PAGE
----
Training Smoke Could Harm Firefighting Trainees — Here’s How To Make It Safe

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I’ve gotten to know a lot of the firefighters in my hometown, and I’ve come to learn just how dangerous their profession can be. They train tirelessly to keep me, my family, and my neighbors safe, and I want the same standards of care and safety for them. That’s why I was devastated to learn that their own training exercises could be harming them.

Most states require firefighter training in simulated smoky conditions, and this effect is typically achieved with training smoke churned out by fog machines. This fog is generated from a formula made from glycols. When broken down, glycols can turn into unsafe, carcinogenic substances such as formaldehyde. Reports have shown that continued exposure to formaldehyde and other glycols can lead to lung illnesses, long-term health problems, and even cancer. In fact, it’s so unsafe that Dow and other leading manufacturers have all advised against using glycols in fog production which leading fog solution manufacturers have ignored.

Dow Chemical: Dow does not support the use of propylene glycol in electronic cigarettes, nor in artificial (theatrical) fogs due to possible effects on the eye, nose, throat, and respiratory tract membranes as well as the absence of information on potential long term effects from prolonged inhalation of (fine) droplets of propylene glycol.

At first, I thought I was making a big deal out of nothing. After all, firefighters aren’t breathing in this stuff every day, and real smoke is certainly much worse for their health. Then I remembered a high-profile case from 2010, in which a 15-year-old in St. Louis tragically died after spending a year in a vegetative state shortly after inhaling too much glycol based fog at a haunted house. If that could happen after just a few minutes in a haunted house, it could certainly happen while our firefighters go through a smoke training simulation. Our firefighters protect us every day and put their lives on the line for ordinary citizens, so why are we letting them train with substances that could harm their health, or even their lives?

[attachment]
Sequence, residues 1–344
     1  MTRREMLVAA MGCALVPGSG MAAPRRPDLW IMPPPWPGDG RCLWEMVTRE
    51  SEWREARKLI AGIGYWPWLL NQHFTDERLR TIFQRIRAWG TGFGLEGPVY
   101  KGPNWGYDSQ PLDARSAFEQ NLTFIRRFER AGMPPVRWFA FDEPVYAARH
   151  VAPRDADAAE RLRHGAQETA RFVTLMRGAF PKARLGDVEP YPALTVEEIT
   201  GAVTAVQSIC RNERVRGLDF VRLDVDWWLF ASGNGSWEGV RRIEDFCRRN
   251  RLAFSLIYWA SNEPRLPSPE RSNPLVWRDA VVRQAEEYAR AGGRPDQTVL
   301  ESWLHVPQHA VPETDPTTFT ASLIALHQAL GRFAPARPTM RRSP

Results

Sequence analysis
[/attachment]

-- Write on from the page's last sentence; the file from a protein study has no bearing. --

As awareness grows regarding the dangers of glycol, there’s a growing interest in safer, natural alternatives. Glycol-based fog liquid is still the market leader, unfortunately, but there is a growing demand for glycol-free, water-based fog machine liquid. This type of all-natural fog liquid uses glycerin, a plant-derived material that doesn’t generate toxic byproducts, in place of harmful glycol. Glycerin has been rigorously tested for safety and quality; the National Institutes for Occupational Safety and Health found no toxicity or potential to irritate the skin or eyes across nearly 60 glycerin tests.

You would expect Glycerin-based fog liquid to be much more expensive than glycol based fog but in-fact it is also cheaper and more efficient than its glycol counterpart. It generates 33% more fog, so these liquids last longer. Not only does a single bottle go further and create a thicker, more dense fog, but it costs $3 per gallon less than other glycol-based fog formulas. Plus, since the new fog formula doesn’t damage equipment like the old, glycol-based formula, firefighters won’t need to replace their training equipment as often.

From my research, Simply Fog is the only company manufacturing these safer, more affordable alternatives to glycol-based fog machine formulas. Made in Janesville Wisconsin, Simply Fog’s safe and glycol-free formula produces thick, realistic smoke without damaging equipment. Most importantly, firefighters can conduct their training exercises with the confidence that the fog won’t harm their health. Firefighting already comes with enough hazards — I hope this safer solution comes to my hometown’s fire department soon.

To learn more about Simply Fog’s natural alternative to Glycol Based fog, you can click below for more information.



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